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Re: Is 220mA too Hot?


 
5/24/2000 1:28 AM
BILL R
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Re: Is 220mA too Hot?
Dan: when there is the possibility of something being "bad wrong" as they say around here, it is a good idea to do some "power off" testing with your meter after unplugging the amp and draining all the capacitors of their stored voltage. You can easily and safely check all your solder joints, see if your bias control is working, check ground connections, etc. using the ohm meter. By checking one component at a time in the circuits you changed, you also may notice an error in your work as you compare it to the schematic. Bill R.
 
5/24/2000 3:09 AM
jason
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quote:
"Also make sure your bias control is adjustable and not a 'bias balance' control. This could be your problem of not having the ma vary as you turn the pot."
 
the current should still vary as the pot is turned, he just can't set the bias to a desired current reading but only match the two sides, but he still should see the current vary when rotating the pot regardless. I'm sure you knew that Bob, just clarifing for Dan.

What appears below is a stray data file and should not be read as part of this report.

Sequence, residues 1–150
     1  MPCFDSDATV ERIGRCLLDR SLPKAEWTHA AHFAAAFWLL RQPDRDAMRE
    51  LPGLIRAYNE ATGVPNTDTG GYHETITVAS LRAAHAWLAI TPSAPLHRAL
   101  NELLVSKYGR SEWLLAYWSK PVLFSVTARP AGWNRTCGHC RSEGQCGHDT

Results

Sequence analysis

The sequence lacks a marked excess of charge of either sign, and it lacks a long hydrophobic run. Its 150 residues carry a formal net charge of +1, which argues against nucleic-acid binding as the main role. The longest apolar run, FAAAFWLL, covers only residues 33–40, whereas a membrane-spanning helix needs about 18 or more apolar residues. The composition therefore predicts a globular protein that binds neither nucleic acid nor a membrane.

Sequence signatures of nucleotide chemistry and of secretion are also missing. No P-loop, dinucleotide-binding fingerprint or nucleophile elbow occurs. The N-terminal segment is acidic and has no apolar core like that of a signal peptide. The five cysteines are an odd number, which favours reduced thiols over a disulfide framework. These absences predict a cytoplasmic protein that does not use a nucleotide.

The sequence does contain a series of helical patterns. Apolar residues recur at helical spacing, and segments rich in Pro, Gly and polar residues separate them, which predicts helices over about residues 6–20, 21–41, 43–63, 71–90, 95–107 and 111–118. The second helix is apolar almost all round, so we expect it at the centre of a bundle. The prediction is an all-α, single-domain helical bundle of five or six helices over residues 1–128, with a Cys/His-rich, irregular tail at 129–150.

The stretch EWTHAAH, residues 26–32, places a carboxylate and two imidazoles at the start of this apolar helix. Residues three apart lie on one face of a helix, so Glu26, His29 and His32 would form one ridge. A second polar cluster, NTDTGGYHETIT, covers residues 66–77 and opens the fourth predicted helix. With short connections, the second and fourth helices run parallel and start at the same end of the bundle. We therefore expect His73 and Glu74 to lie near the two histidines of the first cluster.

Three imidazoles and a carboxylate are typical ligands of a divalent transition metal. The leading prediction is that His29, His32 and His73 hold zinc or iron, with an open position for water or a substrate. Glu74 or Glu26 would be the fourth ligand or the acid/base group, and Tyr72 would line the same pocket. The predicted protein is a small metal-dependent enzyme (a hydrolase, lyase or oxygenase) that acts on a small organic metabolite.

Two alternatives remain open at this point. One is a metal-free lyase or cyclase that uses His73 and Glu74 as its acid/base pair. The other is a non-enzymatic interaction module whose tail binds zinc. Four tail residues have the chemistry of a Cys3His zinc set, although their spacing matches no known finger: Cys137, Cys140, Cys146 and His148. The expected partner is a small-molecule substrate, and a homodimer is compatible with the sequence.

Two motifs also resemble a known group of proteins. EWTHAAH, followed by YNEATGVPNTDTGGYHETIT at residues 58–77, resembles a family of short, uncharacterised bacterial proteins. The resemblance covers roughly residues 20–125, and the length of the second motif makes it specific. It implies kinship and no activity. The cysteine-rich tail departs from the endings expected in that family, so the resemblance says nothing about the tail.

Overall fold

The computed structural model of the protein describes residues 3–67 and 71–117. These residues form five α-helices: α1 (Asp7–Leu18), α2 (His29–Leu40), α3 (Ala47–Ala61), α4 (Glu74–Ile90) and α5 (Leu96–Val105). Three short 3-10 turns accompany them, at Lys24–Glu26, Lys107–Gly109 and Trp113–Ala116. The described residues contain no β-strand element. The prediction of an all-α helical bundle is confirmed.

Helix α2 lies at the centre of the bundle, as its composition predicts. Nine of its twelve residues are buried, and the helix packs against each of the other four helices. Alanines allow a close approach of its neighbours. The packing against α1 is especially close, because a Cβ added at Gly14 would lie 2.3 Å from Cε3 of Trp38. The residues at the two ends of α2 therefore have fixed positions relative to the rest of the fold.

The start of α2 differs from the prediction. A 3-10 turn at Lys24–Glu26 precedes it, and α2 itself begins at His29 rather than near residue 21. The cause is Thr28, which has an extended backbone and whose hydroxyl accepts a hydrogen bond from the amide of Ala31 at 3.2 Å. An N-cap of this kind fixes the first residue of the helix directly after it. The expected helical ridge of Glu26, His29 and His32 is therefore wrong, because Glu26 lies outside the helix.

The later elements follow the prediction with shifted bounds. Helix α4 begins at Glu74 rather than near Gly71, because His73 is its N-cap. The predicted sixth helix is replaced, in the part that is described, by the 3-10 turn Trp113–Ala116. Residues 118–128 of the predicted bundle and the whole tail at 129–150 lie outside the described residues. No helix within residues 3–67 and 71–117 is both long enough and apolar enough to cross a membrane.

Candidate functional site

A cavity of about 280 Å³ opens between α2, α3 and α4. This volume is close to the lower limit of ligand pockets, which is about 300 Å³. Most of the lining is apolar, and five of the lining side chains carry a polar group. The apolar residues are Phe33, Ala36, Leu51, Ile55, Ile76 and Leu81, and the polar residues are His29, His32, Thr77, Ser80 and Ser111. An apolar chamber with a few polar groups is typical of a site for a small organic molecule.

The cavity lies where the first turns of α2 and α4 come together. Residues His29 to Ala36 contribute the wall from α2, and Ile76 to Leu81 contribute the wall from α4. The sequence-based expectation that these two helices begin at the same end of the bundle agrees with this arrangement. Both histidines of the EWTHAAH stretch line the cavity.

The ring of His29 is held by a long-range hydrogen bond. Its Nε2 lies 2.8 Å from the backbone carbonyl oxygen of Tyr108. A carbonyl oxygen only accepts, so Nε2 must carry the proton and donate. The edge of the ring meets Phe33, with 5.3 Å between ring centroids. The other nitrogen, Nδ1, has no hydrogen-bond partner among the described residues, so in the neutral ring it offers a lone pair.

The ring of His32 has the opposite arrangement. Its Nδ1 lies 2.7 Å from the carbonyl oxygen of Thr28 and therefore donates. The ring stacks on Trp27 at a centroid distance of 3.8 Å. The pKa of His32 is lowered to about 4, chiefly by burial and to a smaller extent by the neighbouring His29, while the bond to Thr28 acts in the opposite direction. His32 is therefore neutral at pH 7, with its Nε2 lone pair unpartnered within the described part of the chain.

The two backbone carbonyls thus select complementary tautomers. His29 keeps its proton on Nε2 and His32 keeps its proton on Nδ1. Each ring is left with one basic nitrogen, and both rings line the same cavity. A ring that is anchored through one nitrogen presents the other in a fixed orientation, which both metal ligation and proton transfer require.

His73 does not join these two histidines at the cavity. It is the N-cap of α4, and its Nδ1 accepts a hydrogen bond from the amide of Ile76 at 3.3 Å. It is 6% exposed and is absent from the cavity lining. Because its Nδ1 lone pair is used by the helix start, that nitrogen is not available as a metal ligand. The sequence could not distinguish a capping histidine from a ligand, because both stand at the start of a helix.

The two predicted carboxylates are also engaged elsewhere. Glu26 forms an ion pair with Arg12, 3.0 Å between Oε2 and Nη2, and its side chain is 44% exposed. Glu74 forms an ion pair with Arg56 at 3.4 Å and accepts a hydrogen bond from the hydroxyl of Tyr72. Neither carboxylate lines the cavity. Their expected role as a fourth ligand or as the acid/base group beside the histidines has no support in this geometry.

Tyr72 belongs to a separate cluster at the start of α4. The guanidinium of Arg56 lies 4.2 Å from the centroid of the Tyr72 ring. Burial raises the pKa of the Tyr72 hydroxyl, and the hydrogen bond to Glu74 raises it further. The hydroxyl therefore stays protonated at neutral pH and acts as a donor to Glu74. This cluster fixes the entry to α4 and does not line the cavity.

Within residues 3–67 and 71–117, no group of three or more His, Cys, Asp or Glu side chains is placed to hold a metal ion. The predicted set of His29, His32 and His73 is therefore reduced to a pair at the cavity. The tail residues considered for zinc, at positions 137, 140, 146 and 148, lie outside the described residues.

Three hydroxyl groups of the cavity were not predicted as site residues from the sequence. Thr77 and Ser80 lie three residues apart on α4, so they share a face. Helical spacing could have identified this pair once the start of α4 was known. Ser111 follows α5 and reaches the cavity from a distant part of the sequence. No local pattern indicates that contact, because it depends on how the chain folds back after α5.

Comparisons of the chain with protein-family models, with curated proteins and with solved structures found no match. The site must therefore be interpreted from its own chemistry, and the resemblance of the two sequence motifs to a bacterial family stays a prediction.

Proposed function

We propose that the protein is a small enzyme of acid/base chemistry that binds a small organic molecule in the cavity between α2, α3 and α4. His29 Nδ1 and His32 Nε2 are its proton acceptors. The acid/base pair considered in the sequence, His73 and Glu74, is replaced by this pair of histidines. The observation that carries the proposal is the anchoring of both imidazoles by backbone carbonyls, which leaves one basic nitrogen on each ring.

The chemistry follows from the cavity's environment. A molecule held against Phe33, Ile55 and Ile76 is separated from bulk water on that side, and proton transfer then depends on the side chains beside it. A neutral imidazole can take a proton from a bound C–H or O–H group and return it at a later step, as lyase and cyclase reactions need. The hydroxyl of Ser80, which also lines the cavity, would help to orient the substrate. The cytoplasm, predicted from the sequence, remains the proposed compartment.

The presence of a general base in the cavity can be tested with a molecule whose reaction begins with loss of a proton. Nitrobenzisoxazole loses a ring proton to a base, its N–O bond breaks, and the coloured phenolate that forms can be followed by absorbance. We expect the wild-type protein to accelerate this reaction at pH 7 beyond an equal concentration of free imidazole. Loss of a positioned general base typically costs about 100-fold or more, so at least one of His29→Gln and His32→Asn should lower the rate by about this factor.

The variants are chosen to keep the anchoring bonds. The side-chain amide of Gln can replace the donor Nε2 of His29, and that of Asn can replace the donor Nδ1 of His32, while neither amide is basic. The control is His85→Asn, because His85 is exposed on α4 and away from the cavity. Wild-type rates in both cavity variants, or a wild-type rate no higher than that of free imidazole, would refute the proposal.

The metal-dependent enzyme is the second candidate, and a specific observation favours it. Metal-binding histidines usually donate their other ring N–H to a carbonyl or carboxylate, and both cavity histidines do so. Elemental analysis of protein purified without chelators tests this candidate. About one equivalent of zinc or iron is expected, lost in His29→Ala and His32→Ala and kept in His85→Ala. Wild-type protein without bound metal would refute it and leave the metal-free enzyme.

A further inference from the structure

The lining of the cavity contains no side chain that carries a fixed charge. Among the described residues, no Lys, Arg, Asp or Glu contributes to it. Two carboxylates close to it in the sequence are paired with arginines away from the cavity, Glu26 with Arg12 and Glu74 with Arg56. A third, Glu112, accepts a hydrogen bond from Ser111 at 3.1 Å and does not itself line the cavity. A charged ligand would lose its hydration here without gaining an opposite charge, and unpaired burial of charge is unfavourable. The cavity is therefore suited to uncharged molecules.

jason
 
 
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5/24/2000 11:00 AM
Stephen Conner
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To save your output tubes, take them out while you are troubleshooting the bias circuit. They won't last long at 220 mA.  
 
Steve C.
 
5/24/2000 6:15 PM
Dan Z
Do I need a continuity test-tone on my meter to check solder connections or is there another way? The Radio Shack meter I have (~$40) doesn't have the test-tone. There are Flukes where I work that I could borrow for a night.  
 
Thanks again everyone.  
 
Dan Z
 
5/24/2000 6:20 PM
Ben
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Dan,  
 
You can just use your Ohm meter to test for continuity on the solder connections.  
 
 
Hope that helps  
 
Ben
 
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